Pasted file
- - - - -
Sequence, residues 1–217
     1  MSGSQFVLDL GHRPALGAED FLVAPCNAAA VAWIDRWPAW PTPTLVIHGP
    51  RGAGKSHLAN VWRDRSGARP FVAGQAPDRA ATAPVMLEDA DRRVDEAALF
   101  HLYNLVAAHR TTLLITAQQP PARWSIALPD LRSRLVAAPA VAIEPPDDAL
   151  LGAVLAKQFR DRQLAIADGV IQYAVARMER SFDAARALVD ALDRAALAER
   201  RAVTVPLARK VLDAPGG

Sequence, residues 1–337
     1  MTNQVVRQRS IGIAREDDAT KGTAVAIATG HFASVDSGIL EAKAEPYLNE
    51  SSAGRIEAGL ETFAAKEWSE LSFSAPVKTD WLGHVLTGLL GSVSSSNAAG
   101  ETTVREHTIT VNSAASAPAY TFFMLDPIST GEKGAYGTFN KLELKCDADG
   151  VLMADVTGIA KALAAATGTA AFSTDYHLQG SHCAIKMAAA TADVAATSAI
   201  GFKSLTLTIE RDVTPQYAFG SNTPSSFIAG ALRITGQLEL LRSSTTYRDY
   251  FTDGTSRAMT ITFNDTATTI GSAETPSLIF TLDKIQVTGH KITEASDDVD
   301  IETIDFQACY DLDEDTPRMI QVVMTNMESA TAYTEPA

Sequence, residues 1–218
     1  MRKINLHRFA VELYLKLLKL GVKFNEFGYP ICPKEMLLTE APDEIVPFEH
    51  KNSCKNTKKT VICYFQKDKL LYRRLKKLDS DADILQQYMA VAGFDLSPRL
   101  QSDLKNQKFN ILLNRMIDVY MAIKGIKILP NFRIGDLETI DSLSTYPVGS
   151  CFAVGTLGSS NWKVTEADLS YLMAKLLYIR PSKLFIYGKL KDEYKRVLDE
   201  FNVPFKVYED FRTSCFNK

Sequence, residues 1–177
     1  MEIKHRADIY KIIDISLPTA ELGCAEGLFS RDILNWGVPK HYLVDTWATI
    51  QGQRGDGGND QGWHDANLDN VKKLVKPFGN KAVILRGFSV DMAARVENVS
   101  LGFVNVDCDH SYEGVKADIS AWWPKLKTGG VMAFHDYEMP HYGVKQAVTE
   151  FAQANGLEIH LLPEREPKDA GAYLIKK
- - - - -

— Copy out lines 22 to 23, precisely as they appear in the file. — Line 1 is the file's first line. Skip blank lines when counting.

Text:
     1  MEIKHRADIY KIIDISLPTA ELGCAEGLFS RDILNWGVPK HYLVDTWATI
    51  QGQRGDGGND QGWHDANLDN VKKLVKPFGN KAVILRGFSV DMAARVENVS